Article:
Bautista & Encarnacion, Outgoing & shy, HRs & HRs

Jose Bautista (19) greets Edwin Encarnacion after another long bomb. Both are entering the final years of their contracts. 

Jose Bautista (19) greets Edwin Encarnacion after another long bomb. Both are entering the final years of their contracts. 

Bautista, Encarnacion bring magic despite their different personalities

By Danny Gallagher
Canadian Baseball Network

Jose Bautista is flamboyant and outgoing, the face of the Blue Jays. 

His Dominican Republic countryman Edwin Encarnacion is anything but that, although that cute, walking-the-parrot meme and Edwing routine bring him about as close to expressing himself as anything.

Bautista has 941,000 Twitter followers, Encarnacion 183,000. It is that difference that tells you a bit about each other. Bautista doesn’t mind the attention, Encarnacion, very much a private man, not so much. 

Bautista speaks pretty solid English and most of his tweets are in English and usually brings forth a famous saying of an athlete or celebrity.

Encarnacion’s messages are mostly in Spanish, the language he’s most comfortable with, although he can communicate effectively in English. 

Bautista is educated and savvy, having attended a business school in the Dominican called Pontificia Universidad Catolica Madre y Maestra and Chipola College in Marianna, Fla. Bautista knows and understands the impact and subtleties of the Canadian TSX stock exchange and the Dow Jones Industrial Average. 

Bautista knows that Rogers, which owns the Blue Jays, boasts numerous marketing platforms and realizes how wealthy the company is. That’s why he has aimed high in his contract demands. 

There’s nothing wrong with Bautista spouting off about his contract demands but him asking for $150-million for five years or whatever he is requesting is a bit unrealistic for someone who is 35. Now, if he was 28 or 30, then the request might be more realistic.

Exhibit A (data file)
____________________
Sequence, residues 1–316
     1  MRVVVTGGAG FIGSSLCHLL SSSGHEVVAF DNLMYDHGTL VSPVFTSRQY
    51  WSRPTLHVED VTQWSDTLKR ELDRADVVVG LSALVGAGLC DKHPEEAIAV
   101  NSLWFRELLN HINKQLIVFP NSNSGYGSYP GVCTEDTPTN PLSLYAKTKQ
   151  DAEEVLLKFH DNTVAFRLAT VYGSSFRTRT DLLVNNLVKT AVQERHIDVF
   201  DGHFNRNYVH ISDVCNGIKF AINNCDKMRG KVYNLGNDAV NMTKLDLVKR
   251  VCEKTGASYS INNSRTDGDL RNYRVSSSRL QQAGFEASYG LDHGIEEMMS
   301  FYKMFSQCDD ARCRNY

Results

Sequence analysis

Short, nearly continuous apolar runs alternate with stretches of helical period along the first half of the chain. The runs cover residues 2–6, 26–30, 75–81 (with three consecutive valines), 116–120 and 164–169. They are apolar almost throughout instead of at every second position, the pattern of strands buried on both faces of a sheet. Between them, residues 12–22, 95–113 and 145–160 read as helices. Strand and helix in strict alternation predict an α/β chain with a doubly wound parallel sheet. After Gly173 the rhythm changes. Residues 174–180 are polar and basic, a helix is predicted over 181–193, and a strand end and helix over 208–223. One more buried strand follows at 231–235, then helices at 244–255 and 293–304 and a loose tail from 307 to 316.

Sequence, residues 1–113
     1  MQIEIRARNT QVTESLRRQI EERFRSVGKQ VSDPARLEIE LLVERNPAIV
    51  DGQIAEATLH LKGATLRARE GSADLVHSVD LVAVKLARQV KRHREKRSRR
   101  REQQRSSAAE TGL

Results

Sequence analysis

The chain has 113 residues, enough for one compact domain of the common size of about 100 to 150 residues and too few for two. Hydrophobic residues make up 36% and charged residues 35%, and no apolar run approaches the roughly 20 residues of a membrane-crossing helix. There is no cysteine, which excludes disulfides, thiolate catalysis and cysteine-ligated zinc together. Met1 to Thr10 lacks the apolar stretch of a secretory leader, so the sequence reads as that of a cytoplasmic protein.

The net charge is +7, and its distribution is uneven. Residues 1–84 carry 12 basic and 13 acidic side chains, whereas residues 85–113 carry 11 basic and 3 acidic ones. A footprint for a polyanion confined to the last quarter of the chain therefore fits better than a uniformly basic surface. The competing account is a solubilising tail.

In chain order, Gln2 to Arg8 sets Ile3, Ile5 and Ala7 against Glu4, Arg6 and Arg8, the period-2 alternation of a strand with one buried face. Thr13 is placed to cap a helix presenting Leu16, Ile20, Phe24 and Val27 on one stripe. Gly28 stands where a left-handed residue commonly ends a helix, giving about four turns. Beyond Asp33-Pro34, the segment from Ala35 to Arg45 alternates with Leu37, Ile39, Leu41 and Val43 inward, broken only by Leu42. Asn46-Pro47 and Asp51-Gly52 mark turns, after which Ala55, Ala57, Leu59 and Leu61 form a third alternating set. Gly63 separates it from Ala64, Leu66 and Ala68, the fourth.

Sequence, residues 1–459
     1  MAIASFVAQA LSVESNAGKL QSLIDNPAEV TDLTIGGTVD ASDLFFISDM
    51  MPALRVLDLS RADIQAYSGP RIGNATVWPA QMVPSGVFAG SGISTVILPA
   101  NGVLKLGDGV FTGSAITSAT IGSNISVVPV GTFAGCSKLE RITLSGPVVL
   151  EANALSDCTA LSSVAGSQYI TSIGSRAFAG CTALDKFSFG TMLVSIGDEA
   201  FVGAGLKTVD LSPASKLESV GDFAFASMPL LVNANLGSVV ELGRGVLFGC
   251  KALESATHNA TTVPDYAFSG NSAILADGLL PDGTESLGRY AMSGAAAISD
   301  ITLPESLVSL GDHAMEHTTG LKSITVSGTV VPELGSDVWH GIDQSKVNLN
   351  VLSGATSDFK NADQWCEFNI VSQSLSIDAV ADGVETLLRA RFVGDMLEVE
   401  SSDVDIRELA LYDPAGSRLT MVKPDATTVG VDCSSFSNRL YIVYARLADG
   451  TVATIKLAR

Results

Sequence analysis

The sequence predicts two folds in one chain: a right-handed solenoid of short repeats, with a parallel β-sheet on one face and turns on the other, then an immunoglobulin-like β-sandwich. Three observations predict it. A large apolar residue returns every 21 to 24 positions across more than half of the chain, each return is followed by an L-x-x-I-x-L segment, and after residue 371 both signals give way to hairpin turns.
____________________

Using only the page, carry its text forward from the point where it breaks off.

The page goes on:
Encarnacion, unlike Bautista, chooses not to let his contract demands be known, although he indicated that indeed he wants an extension by the time the regular season begins. You never heard a beep out of Encarnacion all through the off-season which he spent quietly and anonymously in his hometown of La Romano. 

That’s just the way he prefers it. He’s not an outgoing person at all and there is nothing wrong with that virtue. You have to really admire someone who prefers anonymity, who prefers to be elusive, who prefers not to talk that much.

While there is never a microphone or note pad Bautista doesn’t like, Encarnacion doesn’t look for attention. He’s close to the vest. We like both characters whether it’s in interviews or on the field. Both bring magnetism to the Jays. You can’t complain about that.

Whether this dynamic duo is in Toronto beyond the 2016 season is largely uncertain. All we know is that the Jays’ brain-trust, the fans and their teammates love having Bautista and Encarnacion around because another exciting season can only be around the corner with their dangerous lumber in the meat of the order.

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Danny Gallagher

Danny was born in Ted Lindsay's hometown of Renfrew, Ont. but his roots are in nearby Douglas. He played 27 consecutive seasons of top-level amateur baseball in the senior ranks in Ontario, Saskatchewan and Quebec and thrived on organizing events himself, the major one being the highly successful 1983 Canadian senior men's tournament in Sudbury. He began covering the Montreal Expos in 1988 when he joined the Montreal Daily News. Later, he was the Expos beat writer for the Ottawa Sun and Associated Press. He has written four baseball books, including Remembering the Montreal Expos, which he co-authored with Bill Young of Hudson, Que. Gallagher and Young are currently working on a book about the ill-fated 1994 Expos squad. Gallagher can be reached here: dannogallagher@rogers.com